Two Project HOPE volunteers, Dr. Lynn Bemiller, and Bridget Binko helped with the preparations for work on the ground in Timor-Leste.
Dr. Bemiller traveled to a remote site, Zumalai. "It was quite an adventure,” Dr. Bemiller says. “We flew to the medical site in the small village on an Australian helicopter. The kids of the village gathered to watch the helicopters as they landed with the medical staff on board. We were able to treat a lot of patients.”
One of the more common diseases that Dr. Bemiller treated in the village was a variation of the flu. She also treated an older woman who had a problem with her eye, which kept falling out of its socket. With the medical expertise represented in the Pacific Partnership 2011medical team, they were able to take care of the woman’s problem.
Bridget Binko traveled to Dili to help set up the main medical site where the team will work in Timor-Leste. She is serving as the head nurse at the main site.
"The set-up went really well. We had an excellent team. We laid out the plans for the site, set up the fencing, and we will be ready to go when we open on Sunday," says Binko. "I am excited about being the lead, it is a great opportunity, we have a great team of nurses, and it is going to be fun."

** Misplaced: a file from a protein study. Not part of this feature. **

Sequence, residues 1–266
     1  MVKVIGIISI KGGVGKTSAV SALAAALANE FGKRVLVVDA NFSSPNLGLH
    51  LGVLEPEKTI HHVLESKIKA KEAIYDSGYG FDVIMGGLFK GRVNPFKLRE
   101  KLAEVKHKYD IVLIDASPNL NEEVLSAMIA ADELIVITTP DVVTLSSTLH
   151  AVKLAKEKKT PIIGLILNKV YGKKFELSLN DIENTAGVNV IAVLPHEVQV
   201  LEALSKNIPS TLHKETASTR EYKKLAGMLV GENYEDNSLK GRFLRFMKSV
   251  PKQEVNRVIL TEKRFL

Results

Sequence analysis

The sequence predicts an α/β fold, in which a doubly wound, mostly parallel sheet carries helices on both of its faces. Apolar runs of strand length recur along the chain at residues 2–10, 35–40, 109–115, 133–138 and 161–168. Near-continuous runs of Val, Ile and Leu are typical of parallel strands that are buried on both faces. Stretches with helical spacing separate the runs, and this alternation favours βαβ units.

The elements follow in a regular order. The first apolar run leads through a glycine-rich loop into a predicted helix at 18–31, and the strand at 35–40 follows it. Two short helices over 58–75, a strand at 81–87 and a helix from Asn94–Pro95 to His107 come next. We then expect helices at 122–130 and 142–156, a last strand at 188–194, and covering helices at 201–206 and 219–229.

In addition to beginning medical care, many of the volunteers and medical team onboard participated in a Marathon in Timor-Leste.
"It was spectacular out there, it felt good, came together and ran together," says volunteer Andrew Siler, a Pharmacy student from Shenandoah University, Bernard J. Dunn School of Pharmacy. “Volunteers from the NGO's and military ran side by side with the local people to show unity and support for one another.”
"It was a very good time, tons of kids, everyone came out from their homes and lined the roads and cheered us on as we went by,” adds volunteer Andrea Tanzella, another Pharmacy student from Shenandoah University. “It was nice to see the kids waving at us, and wanting to get photos with us."
As the race progressed, several HOPE volunteers staffed the medical tents at the start/finish line of the race. "We helped out about six people, hooked them up to an IV fluids for heat exhaustion," says Binko.
Volunteer Christina Grass, an Intensive Care Unit nurse in Big Pine Key, Florida used her position at the medical tent to form some bonds with the children watching the race. "We had them fill up balloons that they used to clap with when the runners came by. It was really fun getting the children engaged."
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